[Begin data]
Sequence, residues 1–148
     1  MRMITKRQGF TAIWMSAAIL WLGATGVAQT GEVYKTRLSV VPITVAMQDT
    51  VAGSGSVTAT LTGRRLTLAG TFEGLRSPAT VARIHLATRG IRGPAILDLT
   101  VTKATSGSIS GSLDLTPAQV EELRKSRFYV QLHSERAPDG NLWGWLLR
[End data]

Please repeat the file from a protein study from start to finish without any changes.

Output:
Sequence, residues 1–148
     1  MRMITKRQGF TAIWMSAAIL WLGATGVAQT GEVYKTRLSV VPITVAMQDT
    51  VAGSGSVTAT LTGRRLTLAG TFEGLRSPAT VARIHLATRG IRGPAILDLT
   101  VTKATSGSIS GSLDLTPAQV EELRKSRFYV QLHSERAPDG NLWGWLLR